Perceptions of Islamic Scholars towards Women’s Political Empowerment in Pashtun Society (A Case Study of District Mardan)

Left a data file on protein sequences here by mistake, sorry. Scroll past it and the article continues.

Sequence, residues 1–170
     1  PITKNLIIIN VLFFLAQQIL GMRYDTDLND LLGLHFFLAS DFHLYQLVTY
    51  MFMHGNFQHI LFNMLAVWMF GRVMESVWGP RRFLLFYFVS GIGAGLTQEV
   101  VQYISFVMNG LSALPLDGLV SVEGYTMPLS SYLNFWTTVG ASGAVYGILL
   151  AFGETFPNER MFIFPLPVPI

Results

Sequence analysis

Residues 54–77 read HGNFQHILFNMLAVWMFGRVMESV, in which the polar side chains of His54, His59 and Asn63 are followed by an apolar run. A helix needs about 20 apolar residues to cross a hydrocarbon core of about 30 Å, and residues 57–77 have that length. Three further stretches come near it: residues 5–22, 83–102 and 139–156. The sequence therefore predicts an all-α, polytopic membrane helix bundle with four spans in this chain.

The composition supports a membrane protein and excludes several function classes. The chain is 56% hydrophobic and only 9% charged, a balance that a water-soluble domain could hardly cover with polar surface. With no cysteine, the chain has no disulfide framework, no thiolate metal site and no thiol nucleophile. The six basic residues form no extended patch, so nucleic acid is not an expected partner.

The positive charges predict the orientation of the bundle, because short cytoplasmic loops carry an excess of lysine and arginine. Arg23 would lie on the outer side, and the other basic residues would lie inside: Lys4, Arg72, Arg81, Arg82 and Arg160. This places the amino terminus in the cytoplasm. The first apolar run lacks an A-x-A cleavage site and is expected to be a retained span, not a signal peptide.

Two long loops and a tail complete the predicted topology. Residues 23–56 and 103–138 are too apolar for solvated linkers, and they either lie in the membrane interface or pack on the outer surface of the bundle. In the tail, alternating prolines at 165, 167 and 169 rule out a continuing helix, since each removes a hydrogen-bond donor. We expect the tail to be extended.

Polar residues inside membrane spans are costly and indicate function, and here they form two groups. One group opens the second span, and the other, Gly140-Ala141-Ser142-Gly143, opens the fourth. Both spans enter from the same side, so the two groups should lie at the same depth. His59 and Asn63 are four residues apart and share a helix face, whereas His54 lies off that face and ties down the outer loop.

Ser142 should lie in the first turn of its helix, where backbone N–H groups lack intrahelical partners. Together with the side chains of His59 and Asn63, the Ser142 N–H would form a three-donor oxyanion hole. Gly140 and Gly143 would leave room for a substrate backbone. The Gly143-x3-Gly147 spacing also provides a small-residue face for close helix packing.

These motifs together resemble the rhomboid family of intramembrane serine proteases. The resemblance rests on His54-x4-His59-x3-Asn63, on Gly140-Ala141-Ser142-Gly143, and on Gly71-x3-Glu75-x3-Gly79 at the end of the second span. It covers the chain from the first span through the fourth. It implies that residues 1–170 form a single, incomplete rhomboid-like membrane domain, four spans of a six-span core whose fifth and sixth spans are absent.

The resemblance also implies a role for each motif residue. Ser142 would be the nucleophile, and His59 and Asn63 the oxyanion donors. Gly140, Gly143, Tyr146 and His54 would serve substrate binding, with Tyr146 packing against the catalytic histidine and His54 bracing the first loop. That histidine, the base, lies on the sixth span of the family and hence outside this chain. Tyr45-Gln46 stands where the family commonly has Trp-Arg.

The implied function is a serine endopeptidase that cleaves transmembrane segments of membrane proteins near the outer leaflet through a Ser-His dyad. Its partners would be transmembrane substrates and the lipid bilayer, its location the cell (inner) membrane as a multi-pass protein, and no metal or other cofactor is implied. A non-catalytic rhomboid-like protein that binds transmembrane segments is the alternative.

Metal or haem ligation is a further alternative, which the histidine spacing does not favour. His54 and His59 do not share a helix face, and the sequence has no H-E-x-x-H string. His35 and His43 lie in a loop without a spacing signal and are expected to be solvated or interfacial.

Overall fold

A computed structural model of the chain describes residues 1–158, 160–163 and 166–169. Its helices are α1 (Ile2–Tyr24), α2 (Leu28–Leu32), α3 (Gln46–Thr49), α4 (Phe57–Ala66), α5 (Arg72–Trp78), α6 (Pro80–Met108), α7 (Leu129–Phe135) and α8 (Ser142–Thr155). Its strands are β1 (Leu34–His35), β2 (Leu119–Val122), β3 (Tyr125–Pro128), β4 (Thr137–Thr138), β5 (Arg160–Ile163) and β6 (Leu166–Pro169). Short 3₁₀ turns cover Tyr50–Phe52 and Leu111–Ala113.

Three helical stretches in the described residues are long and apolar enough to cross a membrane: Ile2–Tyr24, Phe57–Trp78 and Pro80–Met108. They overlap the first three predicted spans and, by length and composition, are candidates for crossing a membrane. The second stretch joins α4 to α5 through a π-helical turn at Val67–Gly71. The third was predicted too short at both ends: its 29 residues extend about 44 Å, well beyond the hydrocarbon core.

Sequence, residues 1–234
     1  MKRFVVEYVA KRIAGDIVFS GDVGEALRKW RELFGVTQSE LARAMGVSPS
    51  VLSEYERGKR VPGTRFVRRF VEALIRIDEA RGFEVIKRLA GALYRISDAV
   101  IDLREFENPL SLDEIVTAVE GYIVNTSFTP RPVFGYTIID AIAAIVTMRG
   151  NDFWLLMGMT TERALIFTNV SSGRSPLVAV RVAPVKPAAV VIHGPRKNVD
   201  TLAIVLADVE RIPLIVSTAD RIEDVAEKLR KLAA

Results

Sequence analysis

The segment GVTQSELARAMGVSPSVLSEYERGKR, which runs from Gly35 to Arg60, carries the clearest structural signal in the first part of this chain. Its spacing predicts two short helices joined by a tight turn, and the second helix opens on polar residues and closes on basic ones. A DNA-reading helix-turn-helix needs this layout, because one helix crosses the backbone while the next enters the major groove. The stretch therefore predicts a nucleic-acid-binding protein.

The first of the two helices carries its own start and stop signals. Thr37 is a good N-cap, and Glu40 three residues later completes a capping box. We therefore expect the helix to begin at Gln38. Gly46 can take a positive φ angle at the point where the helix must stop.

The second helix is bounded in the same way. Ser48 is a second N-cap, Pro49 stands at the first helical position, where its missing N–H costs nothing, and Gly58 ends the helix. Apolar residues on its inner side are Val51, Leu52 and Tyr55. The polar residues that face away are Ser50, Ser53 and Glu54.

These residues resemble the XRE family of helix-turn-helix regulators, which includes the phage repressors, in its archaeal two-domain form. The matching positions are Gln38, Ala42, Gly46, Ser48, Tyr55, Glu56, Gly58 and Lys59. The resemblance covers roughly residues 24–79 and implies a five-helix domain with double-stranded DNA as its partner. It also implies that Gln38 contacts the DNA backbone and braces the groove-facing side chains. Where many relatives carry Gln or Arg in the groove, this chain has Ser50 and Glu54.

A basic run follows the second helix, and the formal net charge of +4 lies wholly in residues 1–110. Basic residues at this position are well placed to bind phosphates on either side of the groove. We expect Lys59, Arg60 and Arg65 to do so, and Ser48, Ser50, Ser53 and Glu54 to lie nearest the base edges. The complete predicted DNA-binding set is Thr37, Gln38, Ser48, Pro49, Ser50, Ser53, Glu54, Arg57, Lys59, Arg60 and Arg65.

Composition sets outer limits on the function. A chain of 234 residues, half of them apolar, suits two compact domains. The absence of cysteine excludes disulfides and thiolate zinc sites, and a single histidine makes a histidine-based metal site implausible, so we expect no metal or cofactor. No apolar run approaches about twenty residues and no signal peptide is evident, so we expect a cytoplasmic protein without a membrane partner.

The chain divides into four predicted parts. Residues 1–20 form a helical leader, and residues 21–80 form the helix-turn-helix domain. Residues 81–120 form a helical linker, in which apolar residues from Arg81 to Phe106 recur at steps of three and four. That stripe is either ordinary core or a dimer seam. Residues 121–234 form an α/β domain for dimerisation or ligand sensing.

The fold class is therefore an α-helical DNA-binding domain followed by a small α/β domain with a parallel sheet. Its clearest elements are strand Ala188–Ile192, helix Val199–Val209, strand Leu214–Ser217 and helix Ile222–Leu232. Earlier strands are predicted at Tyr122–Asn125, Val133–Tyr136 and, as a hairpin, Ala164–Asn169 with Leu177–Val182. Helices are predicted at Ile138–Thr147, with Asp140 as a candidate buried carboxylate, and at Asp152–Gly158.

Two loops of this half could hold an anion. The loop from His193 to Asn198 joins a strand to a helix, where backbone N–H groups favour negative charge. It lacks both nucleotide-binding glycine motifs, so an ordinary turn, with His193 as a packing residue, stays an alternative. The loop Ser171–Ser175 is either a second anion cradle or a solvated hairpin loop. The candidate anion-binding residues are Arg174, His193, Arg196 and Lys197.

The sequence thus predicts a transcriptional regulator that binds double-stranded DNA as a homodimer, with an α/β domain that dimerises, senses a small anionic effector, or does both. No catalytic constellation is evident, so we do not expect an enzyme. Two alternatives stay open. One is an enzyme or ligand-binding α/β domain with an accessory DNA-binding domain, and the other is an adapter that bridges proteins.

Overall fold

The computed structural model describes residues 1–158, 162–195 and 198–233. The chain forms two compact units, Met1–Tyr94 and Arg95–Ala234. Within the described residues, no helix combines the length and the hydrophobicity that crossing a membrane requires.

The aim of this study is to provide an in-depth insight into the perception of Islamic Scholars regarding women political empowerment in Pashtin society that ultimately plays a big role in shaping the public opinion on grass root level that either encourages or bars women from participating in political affairs. Being an important agent of public opinion not only in religious affairs but social issues as well, beliefs and estimation of Islamic scholars are powerful voices in shaping the narratives in communities and society including emancipation of women in the largely conservative, patriarchal and comparatively religious Pashtun society particularly in the rural areas. The study was qualitative in nature and data was collected through in-depth interviews from respondents selected on quota sampling technique in the absence of a sampling frame. Data was collected from 30 respondents including 15 Deobandis, 5 Islamic studies lecturers and professors, 10 Barelvis , 2 Shiites and 3 Ahle Hadith Ulema via semi-structured in-depth interviews including 5 female Ulema to represent the major sects of Islam in the region. It was found that Ahle Hadith and Deobandis were comparatively more conservative while academics and Shiites were the most progressive group of the sample regarding female political empowerment. It was revealed that this is a sensitive subject with no clear consensus. The most conservative Ulema who opposed women participation in politics cited the example of Shura consisting of only males to decide the Caliphs (Muslim rulers) where as the most progressive of them cited examples of equality derived from the Koran and the leadership of Aisha (the widow of Prophet Muhammad SAW) especially in rebellion against Caliph Ali (R.A). There was considerable diversity of views as well as levels of tolerance and support for women political empowerment. While most scholars accepted the political rights of women in principle, some contested this by citing other negative social consequences of women participation in the current political set up; others thought of women emancipation as necessary for the progress of the community, society, country and humanity.
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